Greens give ultimatum on small business tax cuts

The Greens have outlined their tax wish list, calling on the government to legislate its company tax cuts and lift the definition of small business from $2 million to $5 million income.

 

From July, the government has promised a 1% tax cut for small business, with larger businesses set to receive the same cut in 2013-14.

 

The tax cut is to be funded by the mining tax – formally known as Minerals Resource Rent Tax – but is not part of the MRRT bill that passed through the House of Representatives.

 

It’s understood the tax cuts were kept out of the MRRT package to try to minimise the chances of it being delayed.

 

However, the Greens have threatened to withhold their support for the MRRT in the Senate unless the company tax cuts are legislated immediately.

 

“We’re not going to be stampeded into getting the MRRT through when we haven’t seen…a reasonable outcome on small businesses,” Greens leader Bob Brown said yesterday.

 

But Peter Strong, executive director of the Council of Small Business of Australia, is urging the Senate to pass the mining tax, in the hope it will return the focus to small business.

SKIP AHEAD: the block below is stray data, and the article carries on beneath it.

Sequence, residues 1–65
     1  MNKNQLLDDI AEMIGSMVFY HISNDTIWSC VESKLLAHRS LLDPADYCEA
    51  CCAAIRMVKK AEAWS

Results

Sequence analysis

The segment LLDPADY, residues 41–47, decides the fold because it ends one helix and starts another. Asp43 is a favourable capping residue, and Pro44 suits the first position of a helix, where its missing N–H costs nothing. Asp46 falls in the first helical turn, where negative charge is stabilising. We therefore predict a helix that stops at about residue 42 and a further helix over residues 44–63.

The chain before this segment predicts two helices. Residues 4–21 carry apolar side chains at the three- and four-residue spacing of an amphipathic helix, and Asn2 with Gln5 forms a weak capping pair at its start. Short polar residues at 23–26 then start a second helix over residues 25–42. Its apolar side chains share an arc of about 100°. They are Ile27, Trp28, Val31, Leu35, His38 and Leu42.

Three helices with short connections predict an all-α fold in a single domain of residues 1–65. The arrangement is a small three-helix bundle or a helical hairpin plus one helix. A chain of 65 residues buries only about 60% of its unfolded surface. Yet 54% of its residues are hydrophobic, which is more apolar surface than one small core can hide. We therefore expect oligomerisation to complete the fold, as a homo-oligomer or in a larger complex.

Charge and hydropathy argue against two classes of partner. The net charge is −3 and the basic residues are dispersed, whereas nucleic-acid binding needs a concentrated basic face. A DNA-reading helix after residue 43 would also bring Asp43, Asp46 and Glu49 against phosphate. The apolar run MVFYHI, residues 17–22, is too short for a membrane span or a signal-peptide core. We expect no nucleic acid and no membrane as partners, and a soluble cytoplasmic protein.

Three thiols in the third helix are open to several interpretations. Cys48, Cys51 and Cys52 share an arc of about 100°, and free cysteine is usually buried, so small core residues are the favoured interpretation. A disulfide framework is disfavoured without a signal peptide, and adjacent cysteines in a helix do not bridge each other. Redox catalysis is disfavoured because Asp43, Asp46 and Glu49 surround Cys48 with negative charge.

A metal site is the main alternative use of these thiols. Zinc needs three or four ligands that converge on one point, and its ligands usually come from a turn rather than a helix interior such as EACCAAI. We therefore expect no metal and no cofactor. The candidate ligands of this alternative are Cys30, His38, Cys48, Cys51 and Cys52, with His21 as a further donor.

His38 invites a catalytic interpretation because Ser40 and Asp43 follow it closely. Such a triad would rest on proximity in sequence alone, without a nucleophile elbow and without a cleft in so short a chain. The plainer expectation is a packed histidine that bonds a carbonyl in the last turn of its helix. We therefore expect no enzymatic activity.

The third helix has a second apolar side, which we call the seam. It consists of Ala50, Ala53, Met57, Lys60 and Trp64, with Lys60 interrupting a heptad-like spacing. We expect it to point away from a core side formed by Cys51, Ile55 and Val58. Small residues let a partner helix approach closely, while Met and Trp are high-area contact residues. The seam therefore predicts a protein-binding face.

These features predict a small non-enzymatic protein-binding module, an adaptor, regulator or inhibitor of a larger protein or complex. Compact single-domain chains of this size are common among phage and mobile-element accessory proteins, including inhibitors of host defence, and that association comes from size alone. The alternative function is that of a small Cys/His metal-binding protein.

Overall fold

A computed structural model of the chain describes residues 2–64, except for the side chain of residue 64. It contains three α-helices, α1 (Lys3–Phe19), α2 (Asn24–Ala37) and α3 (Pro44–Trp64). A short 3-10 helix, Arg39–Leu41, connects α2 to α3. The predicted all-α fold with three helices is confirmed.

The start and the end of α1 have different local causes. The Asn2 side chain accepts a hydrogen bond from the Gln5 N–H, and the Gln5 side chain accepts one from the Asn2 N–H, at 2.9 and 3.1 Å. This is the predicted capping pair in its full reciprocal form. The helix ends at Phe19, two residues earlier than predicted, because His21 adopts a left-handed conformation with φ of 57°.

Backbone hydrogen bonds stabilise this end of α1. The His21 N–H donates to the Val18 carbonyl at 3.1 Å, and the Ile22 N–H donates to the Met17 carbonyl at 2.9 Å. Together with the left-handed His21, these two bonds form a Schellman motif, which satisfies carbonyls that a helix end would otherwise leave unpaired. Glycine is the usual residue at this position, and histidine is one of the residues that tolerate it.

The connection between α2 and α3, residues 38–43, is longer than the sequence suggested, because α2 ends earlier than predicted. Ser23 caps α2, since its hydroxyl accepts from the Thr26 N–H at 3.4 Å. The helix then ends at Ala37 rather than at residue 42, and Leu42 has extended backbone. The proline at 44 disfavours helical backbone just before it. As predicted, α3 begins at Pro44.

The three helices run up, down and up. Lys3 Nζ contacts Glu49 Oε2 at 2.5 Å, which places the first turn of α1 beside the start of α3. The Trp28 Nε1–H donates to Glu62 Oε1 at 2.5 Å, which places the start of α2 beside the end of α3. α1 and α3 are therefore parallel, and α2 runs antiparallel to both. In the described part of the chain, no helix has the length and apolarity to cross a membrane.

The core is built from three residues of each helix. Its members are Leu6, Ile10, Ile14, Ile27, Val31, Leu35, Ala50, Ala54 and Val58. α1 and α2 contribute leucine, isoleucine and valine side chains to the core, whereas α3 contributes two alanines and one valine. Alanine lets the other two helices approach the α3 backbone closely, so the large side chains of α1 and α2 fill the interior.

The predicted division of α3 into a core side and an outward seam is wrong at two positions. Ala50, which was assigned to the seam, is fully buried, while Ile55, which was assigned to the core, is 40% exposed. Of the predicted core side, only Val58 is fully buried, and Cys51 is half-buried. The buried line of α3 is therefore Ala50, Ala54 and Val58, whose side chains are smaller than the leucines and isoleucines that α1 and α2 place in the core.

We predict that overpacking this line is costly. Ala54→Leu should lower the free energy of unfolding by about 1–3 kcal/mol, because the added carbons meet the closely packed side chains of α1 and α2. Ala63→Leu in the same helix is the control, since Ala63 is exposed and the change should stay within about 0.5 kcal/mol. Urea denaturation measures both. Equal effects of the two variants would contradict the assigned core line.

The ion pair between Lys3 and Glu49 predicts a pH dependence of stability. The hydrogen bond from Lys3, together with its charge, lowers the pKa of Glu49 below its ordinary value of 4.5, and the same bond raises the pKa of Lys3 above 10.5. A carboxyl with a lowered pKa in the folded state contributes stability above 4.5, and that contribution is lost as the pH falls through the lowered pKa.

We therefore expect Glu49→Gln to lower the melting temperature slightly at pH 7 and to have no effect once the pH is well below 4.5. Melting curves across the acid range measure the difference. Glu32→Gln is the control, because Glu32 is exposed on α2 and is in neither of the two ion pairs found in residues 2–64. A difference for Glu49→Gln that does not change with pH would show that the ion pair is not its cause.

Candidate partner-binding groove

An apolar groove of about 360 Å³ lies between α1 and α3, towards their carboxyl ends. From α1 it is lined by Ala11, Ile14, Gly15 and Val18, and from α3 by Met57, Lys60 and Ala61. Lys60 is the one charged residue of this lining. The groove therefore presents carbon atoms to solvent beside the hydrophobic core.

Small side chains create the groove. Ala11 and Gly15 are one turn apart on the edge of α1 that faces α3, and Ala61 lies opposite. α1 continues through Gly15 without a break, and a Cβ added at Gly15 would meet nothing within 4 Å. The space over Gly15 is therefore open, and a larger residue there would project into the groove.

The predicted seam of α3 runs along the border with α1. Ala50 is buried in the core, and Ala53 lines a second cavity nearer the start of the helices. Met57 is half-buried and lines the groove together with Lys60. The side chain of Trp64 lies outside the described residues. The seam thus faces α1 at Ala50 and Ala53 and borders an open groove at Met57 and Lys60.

“I’m sick and tired of billionaires complaining and whingeing, and running their ads, when we’ve had a 48% increase in bankruptcies in the past year,” Strong says.

 

Strong says it’s time to stop focusing on mining because, despite its huge economic impact, the small business sector employs a lot more people.

 

Meanwhile, the Greens have indicated they do not support a cut in the company tax rate for larger businesses, and have foreshadowed amendments to the mining tax to extend its reach.

 

They also want the government to adopt the Henry Tax Review recommendation to lift the definition of small business from $2 million to $5 million income, and/or lift the instant tax write-off for new equipment from $6500 to $10,000.

 

Treasurer Wayne Swan has indicated that legislation for the tax cut is ready to go, and failure to pass the mining tax legislation will create uncertainty for business, particularly small business.

 

According to Swan, the mining tax is “an important part of the Gillard government’s agenda to build a fairer society”.

 

“With Parliament resuming this week, it’s really important that the minor parties and independents pass this critical reform,” Swan told the Australian Financial Review.

 

“Around 2.7 million small businesses stand to benefit from the passage of the $6500 instant asset write-off that will help make their businesses grow.”

 

“The MRRT will help spread the benefits of the mining boom to every corner of our economy.”

 

The Opposition has remained vehemently opposed to the entire MRRT package, with shadow treasurer Joe Hockey and shadow assistant treasurer Mathias Cormann accusing Swan of failing to fully inform the public about the “flawed” tax.

 

They said Swan must immediately release all modeling, assumptions and outcomes that underpin the mining tax before the Senate considers the legislation this week.

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